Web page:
Understanding PCS and CTE

PSC (Post-Concussion Syndrome) is a set of conditions that occurs after a concussion and CTE (Chronic Traumatic Encephalopathy) is the result of multiple concussions and other forms of head injury. Both can last for weeks or months, and in extreme cases, for years as is Jeff's case.

There is no known treatment for either syndrome. There is treatment for the symptoms of the conditions. Some people eventually get better and some do not. The only prevention is to quit having concussions before the more difficult symptoms appear. Once a certain threshold is reached, there's no turning back. There's no surgery and no medication that will make it go away.

I told Jeff that people might have a hard time making the decision to quit racing because many of the symptoms could be written off as old age or other things. He replied, "You need to realize, you need to value, you do your racing for fun, and if you want to end up. . .I mean, I'm nearly a vegetable now. I have a hard time going to the store. To go to Wal-Mart for me is a major task."

Life After Driving A Race Car

For the benefit of others, I asked Jeff if he had made the decision to quit driving, what would he have done instead? He actually tried to crew chief a car for a few races once the more serious symptoms set in, but was unable to continue.

For others who don't reach the severe stages like Jeff, you can continue to be involved in racing by being a car owner, crew chief, car chief, or anything that involves racing and still have fun with it. If you let things go too long, you will have to stay away for good and that's where Jeff is today.

I hope through these interviews and the presentation of this information, I have educated you to these dangers. This is not meant to say that CTE is a common problem or that everyone who drives will experience the symptoms we mentioned. What this does say is be aware of the possibilities and be on the lookout for the early indicators of concussion problems not only for yourself, but for others around you. It's your job now to educate your doctors to recognize the symptoms of concussion and to help them make appropriate diagnosis and recommendations, including forbidding future driving of race cars.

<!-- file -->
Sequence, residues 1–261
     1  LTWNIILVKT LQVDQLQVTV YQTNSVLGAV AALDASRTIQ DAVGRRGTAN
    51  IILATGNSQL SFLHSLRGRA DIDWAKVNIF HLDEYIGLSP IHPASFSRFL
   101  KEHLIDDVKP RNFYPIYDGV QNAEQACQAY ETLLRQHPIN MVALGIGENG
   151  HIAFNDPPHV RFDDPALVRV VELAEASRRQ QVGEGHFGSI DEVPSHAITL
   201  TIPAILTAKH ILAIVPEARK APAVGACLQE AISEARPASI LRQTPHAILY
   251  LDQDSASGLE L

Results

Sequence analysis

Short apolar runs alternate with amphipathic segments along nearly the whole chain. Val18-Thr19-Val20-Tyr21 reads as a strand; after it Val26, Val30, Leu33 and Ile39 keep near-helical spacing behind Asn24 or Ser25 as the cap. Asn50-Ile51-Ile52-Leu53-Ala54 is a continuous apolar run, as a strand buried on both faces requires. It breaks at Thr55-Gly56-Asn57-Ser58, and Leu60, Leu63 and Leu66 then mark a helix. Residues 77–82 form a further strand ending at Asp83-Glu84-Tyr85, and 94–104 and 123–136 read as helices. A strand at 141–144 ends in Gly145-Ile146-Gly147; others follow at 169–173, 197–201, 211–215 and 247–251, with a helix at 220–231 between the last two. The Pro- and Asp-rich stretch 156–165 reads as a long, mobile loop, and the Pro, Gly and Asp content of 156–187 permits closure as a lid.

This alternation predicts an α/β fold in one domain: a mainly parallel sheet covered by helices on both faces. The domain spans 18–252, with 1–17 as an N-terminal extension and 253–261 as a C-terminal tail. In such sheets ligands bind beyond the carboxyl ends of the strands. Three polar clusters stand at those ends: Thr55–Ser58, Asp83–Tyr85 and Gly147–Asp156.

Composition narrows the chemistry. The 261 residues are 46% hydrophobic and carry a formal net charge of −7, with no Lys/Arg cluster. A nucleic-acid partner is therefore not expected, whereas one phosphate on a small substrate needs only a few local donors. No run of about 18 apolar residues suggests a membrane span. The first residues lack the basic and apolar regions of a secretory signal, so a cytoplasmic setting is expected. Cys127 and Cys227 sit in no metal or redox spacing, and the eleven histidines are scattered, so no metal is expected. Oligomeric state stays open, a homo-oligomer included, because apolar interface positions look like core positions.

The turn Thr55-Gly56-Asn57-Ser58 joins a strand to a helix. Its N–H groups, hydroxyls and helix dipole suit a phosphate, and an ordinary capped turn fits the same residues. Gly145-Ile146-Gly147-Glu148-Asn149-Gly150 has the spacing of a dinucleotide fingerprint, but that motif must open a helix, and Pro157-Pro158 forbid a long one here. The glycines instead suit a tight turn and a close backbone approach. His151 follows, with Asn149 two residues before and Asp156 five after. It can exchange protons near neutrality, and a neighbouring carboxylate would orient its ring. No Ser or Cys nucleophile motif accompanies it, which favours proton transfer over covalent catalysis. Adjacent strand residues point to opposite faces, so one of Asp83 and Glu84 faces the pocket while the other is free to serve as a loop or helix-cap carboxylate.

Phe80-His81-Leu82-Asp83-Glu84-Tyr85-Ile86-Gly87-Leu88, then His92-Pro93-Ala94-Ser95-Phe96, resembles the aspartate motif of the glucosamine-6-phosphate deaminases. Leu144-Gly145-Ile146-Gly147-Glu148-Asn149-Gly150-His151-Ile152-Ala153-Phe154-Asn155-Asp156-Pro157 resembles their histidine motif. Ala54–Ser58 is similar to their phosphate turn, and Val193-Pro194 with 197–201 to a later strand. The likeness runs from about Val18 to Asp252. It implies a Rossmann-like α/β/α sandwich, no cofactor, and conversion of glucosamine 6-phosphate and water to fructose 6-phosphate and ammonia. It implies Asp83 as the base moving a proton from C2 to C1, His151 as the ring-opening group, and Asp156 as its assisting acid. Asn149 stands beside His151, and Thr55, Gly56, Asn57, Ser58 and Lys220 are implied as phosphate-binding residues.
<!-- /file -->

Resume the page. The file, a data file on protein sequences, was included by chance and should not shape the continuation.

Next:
If you have any questions for Jeff or would like to share a story or just say hi, you can send your message to me and I will forward your thoughts on to Jeff. We were friends before and we will definitely be in touch often. The one thing I came away with that was encouraging was that the more we spoke and interacted, the better he sounded.

The condition does seem to get better with exercise and activity. Recent studies by a group of doctors who specialize in this type of injury has shown a 70-percent success rate for patients who can exercise and elevate their heart rates. Jeff has been going through a routine of walking, swimming and working out. The winter months were the worst because he was not able to get out, but now that summer is here, his symptoms and attitude are improving at a fast rate.

I was so proud of him when he contacted me with the idea of getting this message out to other racers. It's most often the case that people who are in Jeff's condition turn inward and only think about themselves, understandably. But Jeff, through this presentation is reaching out to others so that he might prevent just one person from going through what he has had to endure. And I congratulate him for that. He's truly a good man.

Ten years ago they started bothering me to where I'd have these sleepy days and I'd start calling in sick to work and the doctors weren't able to pinpoint what was wrong with me.

I had another wreck a few weeks later where I T-boned another car going full speed. I remember getting out of the car and the safety crew was talking to me, but I couldn't hear them. After that I was always sick.